Council president Lim Chee Wee wrote in his Merdeka message today that the federal government should learn from the experience and, after enacting laws, should also accede to the 1951 Convention on the Status of Refugees and the 1967 Protocol.
“Ultimately, Malaysia has to cease being a laggard when it comes to respect of human rights of both its citizens and non-citizens. If not, other attempts at international co-operation may well suffer the same embarrassing fate,” he said.
“It is not enough that we celebrate one national birthday after another, patting ourselves on our backs, congratulating ourselves on how we have done well as a country and not rent ourselves asunder through racial and religious intolerance and civil unrest.
“Merdeka must also mean maturing in our profession and practice of the rule of law and the protection and promotion of the rights of humanity. In these respects it is clear that much more can and needs to be done,” he said.
In a 6-1 decision yesterday, the Australian High Court declared the Malaysia-Australia refugee swap deal as illegal with Chief Justice Robert French saying that the declaration had been made “without power and is invalid”.
The court barred asylum seekers held by Australia from being sent to Malaysia, a ruling that will likely derail the swap deal to send 800 boat people to Malaysia in exchange for 4,000 already-processed refugees to Australia.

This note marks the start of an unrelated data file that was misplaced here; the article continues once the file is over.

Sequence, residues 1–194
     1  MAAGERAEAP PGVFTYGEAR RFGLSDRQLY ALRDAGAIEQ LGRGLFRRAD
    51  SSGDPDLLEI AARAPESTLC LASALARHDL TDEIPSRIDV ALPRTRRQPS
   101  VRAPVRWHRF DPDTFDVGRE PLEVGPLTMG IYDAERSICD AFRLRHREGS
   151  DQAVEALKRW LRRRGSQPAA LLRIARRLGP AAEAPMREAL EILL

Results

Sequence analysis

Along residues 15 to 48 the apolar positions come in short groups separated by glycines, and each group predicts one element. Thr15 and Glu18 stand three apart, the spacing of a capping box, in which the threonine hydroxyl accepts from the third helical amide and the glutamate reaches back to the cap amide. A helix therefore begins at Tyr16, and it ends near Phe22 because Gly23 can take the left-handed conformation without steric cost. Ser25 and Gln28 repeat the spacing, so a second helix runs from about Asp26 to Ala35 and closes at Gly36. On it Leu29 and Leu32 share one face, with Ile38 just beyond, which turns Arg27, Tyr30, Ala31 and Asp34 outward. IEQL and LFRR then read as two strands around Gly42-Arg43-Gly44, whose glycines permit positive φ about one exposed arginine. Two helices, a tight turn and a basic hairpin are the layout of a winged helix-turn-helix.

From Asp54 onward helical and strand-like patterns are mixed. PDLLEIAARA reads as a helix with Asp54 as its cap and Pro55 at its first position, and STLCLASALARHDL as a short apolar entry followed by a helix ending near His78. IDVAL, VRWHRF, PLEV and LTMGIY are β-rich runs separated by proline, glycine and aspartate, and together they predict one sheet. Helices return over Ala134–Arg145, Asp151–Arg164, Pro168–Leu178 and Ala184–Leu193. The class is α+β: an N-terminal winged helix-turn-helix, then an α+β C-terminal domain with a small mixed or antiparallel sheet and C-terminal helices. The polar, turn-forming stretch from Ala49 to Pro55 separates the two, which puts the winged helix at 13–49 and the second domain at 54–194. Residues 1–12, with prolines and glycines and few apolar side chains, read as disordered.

The move was put on hold earlier this month after Melbourne lawyer David Manne won a High Court injunction to prevent deportations pending a decision on the deal.
French argued that Australian-held asylum seekers had rights to refugee protection assessed in Australia, and that the High Court could review Australian Minister for Immigration and Citizenship Christopher Bowen’s declaration that Malaysia was a suitable destination for offshore processing.
Lim pointed out today that the deal, inked between Bowen and Home Minister Datuk Seri Hishammuddin Hussein on July 25 here, was thrown out by the court after the Australian judiciary held that the former could only “remove asylum seekers to a third country to process their claims” if the country is legally bound by international or its own domestic law.
“In addition to these criteria, the Australian Migration Act 1958 required that the country ‘meet certain human rights standards in providing that protection’,” he said, noting that Malaysia does not yet have laws governing the protection of refugees or asylum seekers.